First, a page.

for ($i=2000; $i<=1000000; $i+=2000) {
    $data = shell_exec("head -$i blah.xml | tail -2000");

function process($data) {
    $data = explode("\n", $data);
    //parse using simplexml

Friday, March 19, 2010

New Google Search on Chrome

Google certainly love their own browser more than any other browsers. Who doesn't love their own child?

Today, Google has changed the entire search experiences just for the Chrome. If you navigate to, you'll get to see a slightly re-styled layout. But as you proceed on your search, you'll soon find out the search results are completely re-arranged, re-styled, and re-worked.

It looks like Google is taking a step up against Bing's decision driven search engine and also they took a step up in terms of user friendliness.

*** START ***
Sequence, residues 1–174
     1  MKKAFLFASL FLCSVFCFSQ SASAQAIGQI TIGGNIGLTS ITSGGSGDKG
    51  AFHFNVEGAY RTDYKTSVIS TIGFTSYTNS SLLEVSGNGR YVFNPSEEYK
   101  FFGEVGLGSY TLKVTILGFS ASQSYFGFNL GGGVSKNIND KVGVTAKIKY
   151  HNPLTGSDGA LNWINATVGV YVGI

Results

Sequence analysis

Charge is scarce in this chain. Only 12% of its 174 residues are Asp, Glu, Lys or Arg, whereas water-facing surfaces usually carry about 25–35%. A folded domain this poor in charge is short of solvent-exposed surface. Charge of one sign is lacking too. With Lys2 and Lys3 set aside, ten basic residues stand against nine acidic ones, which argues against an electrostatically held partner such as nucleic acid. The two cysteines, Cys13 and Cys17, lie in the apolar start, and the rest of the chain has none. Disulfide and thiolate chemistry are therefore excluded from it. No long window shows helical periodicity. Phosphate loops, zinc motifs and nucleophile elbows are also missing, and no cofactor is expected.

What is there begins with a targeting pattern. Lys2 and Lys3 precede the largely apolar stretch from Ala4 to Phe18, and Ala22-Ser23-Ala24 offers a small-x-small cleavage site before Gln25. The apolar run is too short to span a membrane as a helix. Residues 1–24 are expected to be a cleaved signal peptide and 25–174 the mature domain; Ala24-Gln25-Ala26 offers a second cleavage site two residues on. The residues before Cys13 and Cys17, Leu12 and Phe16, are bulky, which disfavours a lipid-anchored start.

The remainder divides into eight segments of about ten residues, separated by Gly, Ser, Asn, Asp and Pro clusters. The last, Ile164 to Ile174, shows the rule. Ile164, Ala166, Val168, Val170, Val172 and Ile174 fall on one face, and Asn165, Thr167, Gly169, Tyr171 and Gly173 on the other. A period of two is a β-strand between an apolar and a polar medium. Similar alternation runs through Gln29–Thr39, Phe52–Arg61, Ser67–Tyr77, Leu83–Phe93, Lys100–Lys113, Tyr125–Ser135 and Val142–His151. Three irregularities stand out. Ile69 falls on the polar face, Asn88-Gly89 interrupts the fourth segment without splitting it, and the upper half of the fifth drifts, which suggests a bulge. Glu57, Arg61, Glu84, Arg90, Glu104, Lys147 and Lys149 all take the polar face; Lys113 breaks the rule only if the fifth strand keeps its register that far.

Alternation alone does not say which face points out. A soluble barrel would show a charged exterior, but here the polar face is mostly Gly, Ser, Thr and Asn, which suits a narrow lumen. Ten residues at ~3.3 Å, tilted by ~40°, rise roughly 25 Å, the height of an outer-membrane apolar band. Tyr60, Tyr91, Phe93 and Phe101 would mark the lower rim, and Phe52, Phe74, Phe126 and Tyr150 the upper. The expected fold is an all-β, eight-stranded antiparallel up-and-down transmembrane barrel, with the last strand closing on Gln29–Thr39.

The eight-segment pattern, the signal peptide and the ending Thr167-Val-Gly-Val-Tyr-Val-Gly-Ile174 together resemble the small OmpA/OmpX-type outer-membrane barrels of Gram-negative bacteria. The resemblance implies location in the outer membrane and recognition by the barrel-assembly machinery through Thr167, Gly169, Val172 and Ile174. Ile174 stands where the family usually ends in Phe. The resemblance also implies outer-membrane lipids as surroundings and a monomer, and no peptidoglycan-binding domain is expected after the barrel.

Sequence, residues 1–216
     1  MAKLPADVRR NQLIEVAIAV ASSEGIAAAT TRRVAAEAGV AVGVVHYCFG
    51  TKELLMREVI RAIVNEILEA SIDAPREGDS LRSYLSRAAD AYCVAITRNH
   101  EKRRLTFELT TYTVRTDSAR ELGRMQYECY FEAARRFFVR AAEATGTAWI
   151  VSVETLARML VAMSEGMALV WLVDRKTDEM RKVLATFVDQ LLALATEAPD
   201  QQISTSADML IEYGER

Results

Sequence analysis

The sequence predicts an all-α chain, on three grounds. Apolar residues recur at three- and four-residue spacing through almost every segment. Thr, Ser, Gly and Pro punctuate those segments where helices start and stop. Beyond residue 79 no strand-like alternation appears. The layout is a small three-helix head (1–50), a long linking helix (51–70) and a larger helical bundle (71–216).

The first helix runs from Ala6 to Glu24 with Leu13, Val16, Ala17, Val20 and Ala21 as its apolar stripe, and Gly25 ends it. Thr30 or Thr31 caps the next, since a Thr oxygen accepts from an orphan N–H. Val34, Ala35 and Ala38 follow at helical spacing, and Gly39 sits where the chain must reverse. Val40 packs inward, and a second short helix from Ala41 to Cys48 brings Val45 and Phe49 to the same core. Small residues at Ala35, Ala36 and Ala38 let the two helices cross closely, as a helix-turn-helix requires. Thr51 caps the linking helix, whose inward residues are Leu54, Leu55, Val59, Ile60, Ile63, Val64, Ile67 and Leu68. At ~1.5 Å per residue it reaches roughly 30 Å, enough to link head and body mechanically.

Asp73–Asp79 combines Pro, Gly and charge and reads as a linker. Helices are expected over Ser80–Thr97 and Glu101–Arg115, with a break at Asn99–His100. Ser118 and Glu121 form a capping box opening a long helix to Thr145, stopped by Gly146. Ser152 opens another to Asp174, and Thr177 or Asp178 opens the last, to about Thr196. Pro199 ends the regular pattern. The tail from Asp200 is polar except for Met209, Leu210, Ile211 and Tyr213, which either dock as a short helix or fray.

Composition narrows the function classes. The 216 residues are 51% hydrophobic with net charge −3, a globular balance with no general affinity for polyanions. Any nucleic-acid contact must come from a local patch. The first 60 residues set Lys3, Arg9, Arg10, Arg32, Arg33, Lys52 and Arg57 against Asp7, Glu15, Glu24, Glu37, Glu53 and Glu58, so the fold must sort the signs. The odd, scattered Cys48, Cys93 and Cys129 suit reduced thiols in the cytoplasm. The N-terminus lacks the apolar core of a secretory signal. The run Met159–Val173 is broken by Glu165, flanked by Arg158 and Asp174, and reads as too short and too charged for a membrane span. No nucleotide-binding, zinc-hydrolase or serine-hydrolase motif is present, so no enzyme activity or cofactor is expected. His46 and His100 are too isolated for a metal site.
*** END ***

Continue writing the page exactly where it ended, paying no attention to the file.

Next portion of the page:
The left rail is now filled with search filters and options. The most used "Everything", "News", and "Maps" is very useful.

Here's a couple screenshots:

Thursday, March 4, 2010

WoW Account Restored

I have finally gotten my hacked WoW account restored by Blizzard. After lengthy investigation and restoration, Blizzard's "specialists" were kind of enough to restore most of my items. They tried the best they can to restore all my lost gears and for other items, they simply gave me 2500g per level 80 characters plus 14 emblems of frost and 70 emblems of triumph to cover the loss.

I am very pleased by Blizzard's customer service quality, except the fact that their hotline was nearly impossible to call in. Everything got restored just in time for ICC.